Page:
Beautiful Oxford comes to life within this story and in a way the Cambridge does during the Cambridge Blue series.

DI Adam Fawley is a complex little bunny isn’t he, even so I find him very likeable and he has that dogged determination that all the very best literary detectives possess – if you were a victim he’d be the guy you’d want investigating and if you were guilty of something you’d be hoping he wasn’t! That said, he has a strong team too and it was nice to read a book where it wasn’t just the lead detective who was worthy of glory.

As ever with Cara Hunter’s books there is a moral and social thread within this story and this made it all the more interesting for me. There are some disturbing elements and there is a lot to think about within this beautifully crafted story.

As great as this book was to read, I am utterly sure it would be fantastic televised – I can picture a lot of the scenes and really think the whole thing would make for a magic tv series.

Synopsis: A teenage girl is found wandering the outskirts of Oxford, dazed and distressed. The story she tells is terrifying. Grabbed off the street, a plastic bag pulled over her face, then driven to an isolated location where she was subjected to what sounds like an assault. Yet she refuses to press charges.

DI Fawley investigates, but there’s little he can do without the girl’s co-operation. Is she hiding something, and if so, what? And why does Fawley keep getting the feeling he’s seen a case like this before?

And then another girl disappears, and Adam no longer has a choice: he has to face up to his past. Because unless he does, this victim may not be coming back . . .

WHAT EVERYONE IS SAYING ABOUT CARA HUNTER
‘Your next riveting, twisty read’ Shari Lapena
‘A real gripper of a read’ Peter James
‘Fast paced and a fantastic cast of characters. Kept me guessing to the end – and I loved the final reveal’ Fiona Barton
‘Cancel everything. You’re not going anywhere until you finish reading this’ Emily Koch

The Silent House by Nell Pattison

4 Stars from me

Such a clever story! I found myself truly quite fascinated by the introduction to the deaf community within this book – the deaf club, the signing during arguments (selfishly something I’ve never thought about before, but when we argue we shout over each other while walking away, stomping around, from different rooms etc but deaf people would have to have self restraint in order to keep watching and signing while arguing).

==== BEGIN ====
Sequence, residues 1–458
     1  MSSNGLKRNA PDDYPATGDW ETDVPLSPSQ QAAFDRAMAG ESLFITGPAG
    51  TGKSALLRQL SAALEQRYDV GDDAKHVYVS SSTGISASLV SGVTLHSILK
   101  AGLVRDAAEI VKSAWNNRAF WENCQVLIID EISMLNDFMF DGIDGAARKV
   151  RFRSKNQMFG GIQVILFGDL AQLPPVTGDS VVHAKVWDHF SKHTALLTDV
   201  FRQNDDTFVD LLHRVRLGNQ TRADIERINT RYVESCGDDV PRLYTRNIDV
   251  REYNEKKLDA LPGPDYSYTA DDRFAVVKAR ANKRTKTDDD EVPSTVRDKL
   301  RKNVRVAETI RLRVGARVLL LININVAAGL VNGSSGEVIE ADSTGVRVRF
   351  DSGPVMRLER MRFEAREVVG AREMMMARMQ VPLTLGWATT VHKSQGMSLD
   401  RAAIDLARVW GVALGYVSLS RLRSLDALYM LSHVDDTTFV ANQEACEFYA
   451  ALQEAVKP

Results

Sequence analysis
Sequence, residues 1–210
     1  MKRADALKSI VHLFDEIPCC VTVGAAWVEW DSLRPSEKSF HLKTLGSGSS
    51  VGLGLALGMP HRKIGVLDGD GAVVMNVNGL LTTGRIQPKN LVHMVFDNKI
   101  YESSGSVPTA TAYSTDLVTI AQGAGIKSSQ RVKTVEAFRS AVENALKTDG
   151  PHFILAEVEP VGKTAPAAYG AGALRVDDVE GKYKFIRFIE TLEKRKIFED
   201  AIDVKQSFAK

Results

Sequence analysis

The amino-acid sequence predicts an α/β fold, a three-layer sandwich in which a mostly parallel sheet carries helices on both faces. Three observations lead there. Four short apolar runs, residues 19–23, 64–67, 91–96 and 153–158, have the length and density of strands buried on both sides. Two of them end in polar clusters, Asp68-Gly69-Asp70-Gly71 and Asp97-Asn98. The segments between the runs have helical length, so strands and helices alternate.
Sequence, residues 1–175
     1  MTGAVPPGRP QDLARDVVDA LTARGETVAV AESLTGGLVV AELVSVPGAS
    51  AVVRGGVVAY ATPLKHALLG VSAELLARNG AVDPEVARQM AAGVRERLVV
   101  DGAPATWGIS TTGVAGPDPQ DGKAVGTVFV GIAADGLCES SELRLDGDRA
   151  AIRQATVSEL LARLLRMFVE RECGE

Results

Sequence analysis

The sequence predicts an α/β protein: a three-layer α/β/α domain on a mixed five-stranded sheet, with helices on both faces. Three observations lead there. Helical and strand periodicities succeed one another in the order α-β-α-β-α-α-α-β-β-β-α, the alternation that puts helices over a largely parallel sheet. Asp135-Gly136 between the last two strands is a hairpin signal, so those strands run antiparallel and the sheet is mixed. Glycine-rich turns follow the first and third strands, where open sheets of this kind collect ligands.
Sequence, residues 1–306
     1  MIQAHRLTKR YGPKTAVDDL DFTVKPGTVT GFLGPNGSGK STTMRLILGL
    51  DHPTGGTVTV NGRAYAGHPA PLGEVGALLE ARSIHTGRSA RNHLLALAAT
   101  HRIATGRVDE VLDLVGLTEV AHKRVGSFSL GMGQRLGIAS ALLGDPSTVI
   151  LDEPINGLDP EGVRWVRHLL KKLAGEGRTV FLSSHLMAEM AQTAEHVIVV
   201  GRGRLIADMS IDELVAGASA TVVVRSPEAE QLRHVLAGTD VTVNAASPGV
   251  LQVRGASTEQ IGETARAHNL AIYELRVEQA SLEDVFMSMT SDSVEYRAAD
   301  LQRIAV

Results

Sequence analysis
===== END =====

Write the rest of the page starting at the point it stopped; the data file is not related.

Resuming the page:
Paige and her sister were great characters, there was something quite sweet and naive about them and the way they set about trying to find the killer.

The elements of peril when Paige felt under threat were great and really unnerving. There were so many scenes were I was willing her not to do what she was doing! I devoured this book and just had to keep reading to see what happened next and ultimately which of these characters could murder a sweet child in cold blood.

The scenes with her love interests were fab too, again really quite sweet and I was routing for the policeman!

Overall, Nell Pattison, has created a clever little whodunnit style police procedural with the added dimension of a huge number of the characters and potential suspects/victims being deaf. I really enjoyed it.

Synopsis: If someone was in your house, you’d know. Wouldn’t you? But the Hunter family are deaf, and don’t hear a thing when a shocking crime takes place in the middle of the night. Instead, they wake up to their worst nightmare.

The police call Paige Northwood to the scene to interpret for the witnesses. They’re in shock, but Paige senses the Hunters are hiding something.

One by one, people Paige knows from the Deaf community start to fall under suspicion. But who would kill a little girl?

Was it an intruder?

Or was the murderer closer to home?

This mystery will keep you up all night – perfect for fans of The Silent Patient and Cara Hunter

A Deathly Affair by Leigh Russell

5 Stars from me

Although there is clearly a hell of a back story here that I am missing (I only say that as it is book 13 in a series), I truly feel that A Deathly Affair worked well as a standalone book. Actually, I’m pretty stunned that it is book 13 as it really is gripping and doesn’t smack at all of ‘just the next one in the series as I’ve got deadlines to meet’.